In Bengali, the national language of Bangladesh, menstruation is ‘Mashik’. However, old women particularly in the rural areas prefer to say ‘Shorir kharap’, which can be translated as health problem. I am sitting in Dhaka for my research, which includes the assessment of significant data. My research is concerned with the central question – ‘How does the approach of menstruation in a society influences the individual health behaviour of women?’ It brought me to Southeast Asia, where I developed a questionnaire in order to obtain input and more clarity on this topic. My intention is to prove that there is a need to raise awareness of this so called ‘health problem’. My first couple of weeks as a student of the North South University in Dhaka have passed but I am still in a position of observing people and their behaviours and, of course, also observing myself.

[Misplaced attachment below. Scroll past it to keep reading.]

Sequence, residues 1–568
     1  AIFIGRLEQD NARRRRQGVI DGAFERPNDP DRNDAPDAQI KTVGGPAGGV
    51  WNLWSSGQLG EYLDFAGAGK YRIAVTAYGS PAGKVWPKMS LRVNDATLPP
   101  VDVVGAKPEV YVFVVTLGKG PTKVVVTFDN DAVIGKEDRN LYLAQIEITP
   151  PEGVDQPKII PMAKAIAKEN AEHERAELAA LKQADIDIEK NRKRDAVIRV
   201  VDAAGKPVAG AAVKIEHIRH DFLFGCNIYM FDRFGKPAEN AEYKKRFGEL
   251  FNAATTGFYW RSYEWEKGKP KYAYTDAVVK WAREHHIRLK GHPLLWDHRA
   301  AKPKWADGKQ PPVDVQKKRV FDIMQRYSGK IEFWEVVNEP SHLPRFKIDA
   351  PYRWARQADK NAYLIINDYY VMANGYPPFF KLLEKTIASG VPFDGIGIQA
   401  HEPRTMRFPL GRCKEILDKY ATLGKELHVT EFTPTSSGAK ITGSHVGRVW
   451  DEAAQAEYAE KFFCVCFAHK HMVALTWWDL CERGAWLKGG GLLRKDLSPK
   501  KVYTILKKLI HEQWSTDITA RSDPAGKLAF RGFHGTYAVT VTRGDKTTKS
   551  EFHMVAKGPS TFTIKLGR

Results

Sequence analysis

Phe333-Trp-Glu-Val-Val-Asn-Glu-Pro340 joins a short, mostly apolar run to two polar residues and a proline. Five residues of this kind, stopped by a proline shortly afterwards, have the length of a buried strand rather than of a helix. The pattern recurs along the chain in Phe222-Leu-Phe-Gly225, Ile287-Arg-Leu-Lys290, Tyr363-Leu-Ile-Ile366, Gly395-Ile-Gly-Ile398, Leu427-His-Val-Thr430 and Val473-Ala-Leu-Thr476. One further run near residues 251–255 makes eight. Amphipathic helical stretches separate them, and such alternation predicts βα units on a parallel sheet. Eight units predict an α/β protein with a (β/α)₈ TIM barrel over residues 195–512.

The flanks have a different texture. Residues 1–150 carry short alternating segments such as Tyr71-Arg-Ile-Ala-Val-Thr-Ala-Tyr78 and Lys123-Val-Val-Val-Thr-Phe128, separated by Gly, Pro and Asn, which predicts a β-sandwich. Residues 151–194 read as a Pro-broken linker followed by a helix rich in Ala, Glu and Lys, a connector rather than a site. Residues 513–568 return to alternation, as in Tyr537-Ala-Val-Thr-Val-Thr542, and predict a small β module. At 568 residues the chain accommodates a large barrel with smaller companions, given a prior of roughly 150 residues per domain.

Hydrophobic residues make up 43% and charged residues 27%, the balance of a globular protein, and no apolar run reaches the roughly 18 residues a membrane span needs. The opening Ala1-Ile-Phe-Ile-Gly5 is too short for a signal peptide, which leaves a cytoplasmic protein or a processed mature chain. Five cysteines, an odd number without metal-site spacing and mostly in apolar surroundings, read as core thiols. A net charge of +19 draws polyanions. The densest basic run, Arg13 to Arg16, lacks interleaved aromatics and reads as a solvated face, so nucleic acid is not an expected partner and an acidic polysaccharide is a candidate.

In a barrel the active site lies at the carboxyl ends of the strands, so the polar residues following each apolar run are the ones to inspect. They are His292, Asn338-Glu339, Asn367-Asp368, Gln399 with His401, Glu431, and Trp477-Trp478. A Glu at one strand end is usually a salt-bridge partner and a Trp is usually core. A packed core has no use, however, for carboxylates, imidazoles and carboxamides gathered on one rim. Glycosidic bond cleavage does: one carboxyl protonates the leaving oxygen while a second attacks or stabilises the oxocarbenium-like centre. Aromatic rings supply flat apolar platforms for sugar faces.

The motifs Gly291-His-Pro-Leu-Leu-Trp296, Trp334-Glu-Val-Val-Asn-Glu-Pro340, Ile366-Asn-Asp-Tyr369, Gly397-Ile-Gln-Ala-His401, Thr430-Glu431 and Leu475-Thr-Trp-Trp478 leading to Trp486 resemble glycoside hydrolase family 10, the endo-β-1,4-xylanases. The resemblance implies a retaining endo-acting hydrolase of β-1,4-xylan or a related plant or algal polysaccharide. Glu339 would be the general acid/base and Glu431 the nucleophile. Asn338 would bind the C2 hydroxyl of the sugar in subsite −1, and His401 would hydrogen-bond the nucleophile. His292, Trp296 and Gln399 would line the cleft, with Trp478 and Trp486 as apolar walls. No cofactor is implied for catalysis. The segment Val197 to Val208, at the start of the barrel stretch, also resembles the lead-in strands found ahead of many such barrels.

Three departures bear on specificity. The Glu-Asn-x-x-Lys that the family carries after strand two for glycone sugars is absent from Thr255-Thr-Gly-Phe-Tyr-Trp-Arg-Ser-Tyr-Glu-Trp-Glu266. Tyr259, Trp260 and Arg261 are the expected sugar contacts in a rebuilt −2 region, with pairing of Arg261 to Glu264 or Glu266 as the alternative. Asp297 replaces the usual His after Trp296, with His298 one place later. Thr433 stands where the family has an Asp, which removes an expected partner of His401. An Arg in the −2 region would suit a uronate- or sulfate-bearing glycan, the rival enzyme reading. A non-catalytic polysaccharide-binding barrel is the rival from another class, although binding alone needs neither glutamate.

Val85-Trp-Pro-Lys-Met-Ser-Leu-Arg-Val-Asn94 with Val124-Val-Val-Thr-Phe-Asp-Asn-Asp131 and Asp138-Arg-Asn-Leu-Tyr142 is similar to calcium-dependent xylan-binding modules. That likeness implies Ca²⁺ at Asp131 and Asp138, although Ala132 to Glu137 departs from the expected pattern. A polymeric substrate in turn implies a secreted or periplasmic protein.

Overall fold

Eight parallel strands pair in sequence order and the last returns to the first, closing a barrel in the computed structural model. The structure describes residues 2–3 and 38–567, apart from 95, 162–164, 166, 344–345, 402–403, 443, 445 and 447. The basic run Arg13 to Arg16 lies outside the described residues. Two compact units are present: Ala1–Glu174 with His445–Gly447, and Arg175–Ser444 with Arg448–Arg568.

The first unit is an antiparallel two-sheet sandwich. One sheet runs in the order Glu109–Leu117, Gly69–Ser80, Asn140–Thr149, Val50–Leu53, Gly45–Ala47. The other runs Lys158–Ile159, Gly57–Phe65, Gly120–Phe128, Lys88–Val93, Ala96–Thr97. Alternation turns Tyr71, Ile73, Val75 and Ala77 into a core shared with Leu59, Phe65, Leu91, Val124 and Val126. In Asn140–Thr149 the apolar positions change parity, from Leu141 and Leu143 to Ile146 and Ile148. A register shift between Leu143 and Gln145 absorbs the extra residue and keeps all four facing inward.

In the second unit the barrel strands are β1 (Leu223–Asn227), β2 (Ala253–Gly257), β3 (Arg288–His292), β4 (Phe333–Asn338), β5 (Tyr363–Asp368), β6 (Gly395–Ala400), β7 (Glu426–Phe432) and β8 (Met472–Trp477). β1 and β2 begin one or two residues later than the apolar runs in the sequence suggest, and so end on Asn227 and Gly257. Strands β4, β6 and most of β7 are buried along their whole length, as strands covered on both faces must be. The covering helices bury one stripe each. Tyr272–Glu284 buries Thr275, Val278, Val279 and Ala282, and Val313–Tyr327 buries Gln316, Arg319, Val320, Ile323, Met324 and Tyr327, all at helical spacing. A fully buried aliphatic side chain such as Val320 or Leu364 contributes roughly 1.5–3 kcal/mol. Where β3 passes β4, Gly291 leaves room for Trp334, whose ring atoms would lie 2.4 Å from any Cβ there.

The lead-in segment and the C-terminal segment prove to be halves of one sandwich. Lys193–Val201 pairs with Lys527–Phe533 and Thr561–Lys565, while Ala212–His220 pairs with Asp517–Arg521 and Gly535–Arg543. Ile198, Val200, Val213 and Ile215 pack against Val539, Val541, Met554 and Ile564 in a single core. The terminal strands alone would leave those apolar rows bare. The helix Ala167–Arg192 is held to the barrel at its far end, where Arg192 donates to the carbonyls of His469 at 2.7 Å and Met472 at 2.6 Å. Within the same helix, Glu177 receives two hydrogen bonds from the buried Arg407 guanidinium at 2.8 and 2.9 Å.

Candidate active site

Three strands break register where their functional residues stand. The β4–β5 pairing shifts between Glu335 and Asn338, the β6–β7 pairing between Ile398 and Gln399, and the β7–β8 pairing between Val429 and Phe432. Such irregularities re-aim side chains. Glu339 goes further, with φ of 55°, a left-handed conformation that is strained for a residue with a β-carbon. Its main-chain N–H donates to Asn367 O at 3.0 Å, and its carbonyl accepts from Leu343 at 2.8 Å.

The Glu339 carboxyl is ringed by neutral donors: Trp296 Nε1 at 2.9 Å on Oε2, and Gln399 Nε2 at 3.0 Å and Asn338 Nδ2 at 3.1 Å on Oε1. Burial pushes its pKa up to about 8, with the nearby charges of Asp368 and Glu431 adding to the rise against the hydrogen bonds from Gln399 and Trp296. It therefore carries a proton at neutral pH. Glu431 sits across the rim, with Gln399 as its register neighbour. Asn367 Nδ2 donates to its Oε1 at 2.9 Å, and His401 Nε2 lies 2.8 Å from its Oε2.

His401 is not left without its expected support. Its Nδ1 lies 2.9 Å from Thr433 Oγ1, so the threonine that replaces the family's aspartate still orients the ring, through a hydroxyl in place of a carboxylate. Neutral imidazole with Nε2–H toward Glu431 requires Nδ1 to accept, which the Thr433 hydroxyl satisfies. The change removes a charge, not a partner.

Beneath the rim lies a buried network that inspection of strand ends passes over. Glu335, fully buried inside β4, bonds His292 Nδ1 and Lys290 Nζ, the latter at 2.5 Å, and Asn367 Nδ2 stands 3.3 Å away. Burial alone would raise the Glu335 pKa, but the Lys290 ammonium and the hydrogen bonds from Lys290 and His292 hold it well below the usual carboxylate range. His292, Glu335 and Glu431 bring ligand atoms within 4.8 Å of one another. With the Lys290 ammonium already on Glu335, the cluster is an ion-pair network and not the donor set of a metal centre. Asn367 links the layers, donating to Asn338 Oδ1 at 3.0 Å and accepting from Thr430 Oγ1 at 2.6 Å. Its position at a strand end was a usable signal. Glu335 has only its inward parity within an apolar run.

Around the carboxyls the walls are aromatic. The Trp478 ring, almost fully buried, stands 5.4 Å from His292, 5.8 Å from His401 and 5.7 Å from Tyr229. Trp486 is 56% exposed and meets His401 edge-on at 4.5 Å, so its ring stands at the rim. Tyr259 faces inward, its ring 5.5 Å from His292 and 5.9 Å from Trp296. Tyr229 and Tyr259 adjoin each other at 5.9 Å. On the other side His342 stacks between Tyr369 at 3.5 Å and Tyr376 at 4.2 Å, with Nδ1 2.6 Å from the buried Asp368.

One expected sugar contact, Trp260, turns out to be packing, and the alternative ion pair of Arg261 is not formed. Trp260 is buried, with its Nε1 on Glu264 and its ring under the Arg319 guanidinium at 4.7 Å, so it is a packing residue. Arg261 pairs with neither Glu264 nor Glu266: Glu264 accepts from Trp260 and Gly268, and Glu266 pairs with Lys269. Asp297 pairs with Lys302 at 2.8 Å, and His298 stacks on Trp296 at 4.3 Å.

The girls, or to more precise, the young women at the university look in a sense very beautiful. Some of them wear high heels, most of them have red or pink lipstick, their eyes are black from the kohl, their nails are perfectly made and their salwar kameez (Bengali dress) allow them to all look like first ladies! So indeed there are a lot of things to talk about, including the newest fashion, the best shopping mall and so on, but when it comes to menstruation, which seems to me to be a natural topic to talk about – silence. Why is it important to raise awareness and to question how a society deals with the most natural phenomenon of womanhood?